The UNC Libraries started a web archiving project in January 2013 (read more about that here), but the Internet Archive has been saving websites for much, much longer. In fact, they have saved over 366 BILLION web pages since 1996, accessible through the Wayback Machine.
In the Wayback Machine you can see an archive of UNC.edu since 1997, not to mention tons of other websites. Take a moment to search for some of your favorite websites and see what they looked like 10 (or more!) years ago. Not surprisingly, the Web has changed quite a bit since then.
Here is a snapshot of UNC’s homepage from April , 27 1997 featuring a very creative and informative acrostic linking to University departments and offices.
Does anyone else think we should bring back the acrostic? What would your acrostic be?
A few weeks ago, we posted about UARMS’ web archiving program and the work we’re doing to collect and preserve University websites. As archivists, we see websites as important documents that are a fundamental part of today’s culture. Many websites have enduring historical value, and we believe future researchers will be interested in accessing web archives for their unique and rich content.
Another important purpose that our web archives fulfill is much more immediate and relevant to University employees as they do their day-to-day work, especially records management liaisons and web content managers: records management and content recovery. As records managers, we see websites as documents that are being actively created and used in the course of the work done at the University. Many websites are a business record, and as such, previous versions sometimes need to be easily accessed and retrieved for reference.
For example, just a few weeks ago we received an inquiry from a department on campus asking if we could retrieve content that “vanished” from their website after migrating to a new content management system.
Luckily, the web documents that went missing had been archived and preserved in our web archives. They were able to use these to patch-up what the migration wasn’t able to transfer, and update their new site.
In today’s technology landscape, everything is changing all the time. Providing a repository where websites are preserved for the long-term, we are not only creating a body of documentation that will be useful to future scholars; we hope that we are also helping UNC employees feel more confident as they change, update, and yes even delete, their office’s web pages and content.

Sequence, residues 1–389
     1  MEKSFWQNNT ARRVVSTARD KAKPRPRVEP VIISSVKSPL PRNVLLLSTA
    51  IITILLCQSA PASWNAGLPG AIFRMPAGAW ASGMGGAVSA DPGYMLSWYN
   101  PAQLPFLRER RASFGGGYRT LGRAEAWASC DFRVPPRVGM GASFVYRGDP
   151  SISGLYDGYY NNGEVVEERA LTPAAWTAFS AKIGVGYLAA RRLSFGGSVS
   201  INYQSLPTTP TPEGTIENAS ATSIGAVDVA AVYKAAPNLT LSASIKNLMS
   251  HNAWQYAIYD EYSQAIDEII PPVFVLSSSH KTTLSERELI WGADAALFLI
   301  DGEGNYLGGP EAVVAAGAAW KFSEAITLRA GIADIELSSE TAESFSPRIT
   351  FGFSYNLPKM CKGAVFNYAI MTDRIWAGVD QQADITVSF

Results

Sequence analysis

If you manage your office’s website please let us know. We’d love to add it to our archive, and thus help you better manage and preserve the rich content it contains.
Also, if you are looking for documents–analog or digital–that you think may have been transferred to the Archives let us know, we’re happy to help you search.
If you have ever stumbled across a webpage with this banner across the top of it, you’ve encountered the Wayback Machine. The Wayback Machine was developed by the Internet Archive in 1996 to start archiving the web, and since then it has collected around 240 billion web pages.
In 2006 the Internet Archive launched Archive-It, which is a hosted service that allows institutions to create their own web archives.
In January of 2013, the UNC Libraries began archiving websites in five different collections. These collections support existing collecting areas in the Libraries and include
You can browse all of our collections through Archive-It, and individual websites have been cataloged for access through the UNC Libraries’ catalog.
Additionally, websites that are part of existing archival collections are described in that collection’s finding aid. For example, you can see description of and get access to an archived version of the North Carolina Literary Festival’s 2009 website from the finding aid for the records of the North Carolina Literary Festival.
Here’s a snippet from that web site, showing the banner that Archive-It uses to let the viewer know that they’re looking at an archived web page.
What are we missing? Are there any web pages you’d like to see in our collections?